Every day I get into my car for at least an hour a day and it terrifies me. I have the type of sensory-overload difficulties that accompany high-functioning autism, which means the noise of other vehicles revving their engines, the sensation of hurtling along at 45 miles an hour, and the trial-by-force of cautiously avoiding the mistakes of other drivers sends me into a state of anxious dread.
I recently visited a large chain store called Meijer, which is basically a clothing, small appliance, home decor, and household store with a super-deluxe grocery store inside it; a coffee shop, a pretzel shop, an optometrist, and the works. In America, these places crowd in donut formations around the areas where houses are, far away from old town centers where there is public transportation such as trains. In this chain store, I saw a decent cross-section of the average American. About 20 percent of them were so overweight, they could barely walk.
In order to understand the difference between black and white magic, we have to assume magic exists. I assume magic exists, though I would point out that just like gravity and evolution, magic exists whether we believe in it or not.
I am having one of those days where I am not sure if I am mentally and physically well enough to work. We all have them, but if you are one of the vast numbers of the lower middle class, you do not get to choose: you’re going to work.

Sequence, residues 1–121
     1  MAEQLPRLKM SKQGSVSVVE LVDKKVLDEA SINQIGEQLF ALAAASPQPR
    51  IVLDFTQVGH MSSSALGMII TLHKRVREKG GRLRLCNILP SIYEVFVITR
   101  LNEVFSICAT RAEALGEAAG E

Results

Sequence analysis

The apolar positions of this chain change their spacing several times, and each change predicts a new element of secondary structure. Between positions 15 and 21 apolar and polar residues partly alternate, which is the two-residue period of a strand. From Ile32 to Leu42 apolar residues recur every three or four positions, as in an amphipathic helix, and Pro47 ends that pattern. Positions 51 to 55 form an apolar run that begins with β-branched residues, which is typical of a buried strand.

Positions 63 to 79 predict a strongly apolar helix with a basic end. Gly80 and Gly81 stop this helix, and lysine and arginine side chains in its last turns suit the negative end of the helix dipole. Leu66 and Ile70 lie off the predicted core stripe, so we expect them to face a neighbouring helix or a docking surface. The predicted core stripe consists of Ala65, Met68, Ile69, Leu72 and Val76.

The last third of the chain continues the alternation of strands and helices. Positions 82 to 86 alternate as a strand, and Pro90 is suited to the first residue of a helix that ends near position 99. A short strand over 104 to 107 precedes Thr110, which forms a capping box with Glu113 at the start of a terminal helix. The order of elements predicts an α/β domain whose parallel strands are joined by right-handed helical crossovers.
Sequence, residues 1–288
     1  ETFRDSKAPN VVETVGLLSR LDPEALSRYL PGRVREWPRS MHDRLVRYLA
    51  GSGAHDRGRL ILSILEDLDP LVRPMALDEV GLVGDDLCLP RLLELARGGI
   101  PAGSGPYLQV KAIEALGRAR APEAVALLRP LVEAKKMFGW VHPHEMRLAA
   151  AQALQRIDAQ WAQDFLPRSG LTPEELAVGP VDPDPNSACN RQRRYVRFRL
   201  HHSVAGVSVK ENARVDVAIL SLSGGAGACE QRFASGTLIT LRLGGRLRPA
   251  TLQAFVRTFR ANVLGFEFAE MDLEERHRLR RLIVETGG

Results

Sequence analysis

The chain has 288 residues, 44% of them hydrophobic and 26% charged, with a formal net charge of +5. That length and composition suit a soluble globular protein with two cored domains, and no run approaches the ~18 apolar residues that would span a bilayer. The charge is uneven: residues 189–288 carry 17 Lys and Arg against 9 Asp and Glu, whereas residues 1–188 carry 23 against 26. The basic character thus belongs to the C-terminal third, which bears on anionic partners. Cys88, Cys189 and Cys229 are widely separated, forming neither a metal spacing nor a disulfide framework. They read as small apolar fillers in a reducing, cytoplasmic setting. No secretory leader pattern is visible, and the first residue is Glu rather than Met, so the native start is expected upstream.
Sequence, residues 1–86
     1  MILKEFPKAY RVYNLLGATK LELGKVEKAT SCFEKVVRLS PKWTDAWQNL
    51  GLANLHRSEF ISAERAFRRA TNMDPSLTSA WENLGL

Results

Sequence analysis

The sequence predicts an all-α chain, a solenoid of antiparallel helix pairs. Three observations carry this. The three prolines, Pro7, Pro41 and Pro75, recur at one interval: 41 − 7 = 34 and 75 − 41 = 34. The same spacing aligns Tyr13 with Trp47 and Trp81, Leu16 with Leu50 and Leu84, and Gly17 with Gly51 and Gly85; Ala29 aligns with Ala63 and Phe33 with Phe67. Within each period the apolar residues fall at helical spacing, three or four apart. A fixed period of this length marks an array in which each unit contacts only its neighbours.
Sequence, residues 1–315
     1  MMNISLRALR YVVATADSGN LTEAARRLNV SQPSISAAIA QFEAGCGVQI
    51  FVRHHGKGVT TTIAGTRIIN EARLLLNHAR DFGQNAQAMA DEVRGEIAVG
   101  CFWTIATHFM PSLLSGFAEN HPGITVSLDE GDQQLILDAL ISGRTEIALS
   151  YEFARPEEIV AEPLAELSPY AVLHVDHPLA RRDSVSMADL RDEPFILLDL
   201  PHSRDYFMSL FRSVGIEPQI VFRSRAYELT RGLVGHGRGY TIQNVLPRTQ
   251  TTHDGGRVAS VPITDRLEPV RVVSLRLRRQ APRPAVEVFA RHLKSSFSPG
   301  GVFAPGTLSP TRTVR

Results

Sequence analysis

My fiance and I have been meaning to go to Kama for a while now. They have one in LaGrange Park where we live, so we made reservations for Valentine's Day.
Before dinner we had hoped to go to a local metaphysical store but saw they were closed Sundays. Instead we wound up wandering LaGrange and driving around Hinsdale, looking at beautiful houses we'll probably never be able to afford. Oh well. If I had that kind of money I probably wouldn't spend it on a house anyway.
I am not a fan of Christmas. Admittedly, there are a few good things about it: the pretty lights, a general spirit of giving, and peppermint lattes. As for the rest of it, I could just soon as do without, especially the one thing that makes Christmas, well, Christmas. That one thing is not holiday cheer, nor is it a sense of peace on Earth and good will towards mankind. It’s certainly not the birth of Christ, though that factors into things.
What Christmas means to me can be summed up in one word: GUILT.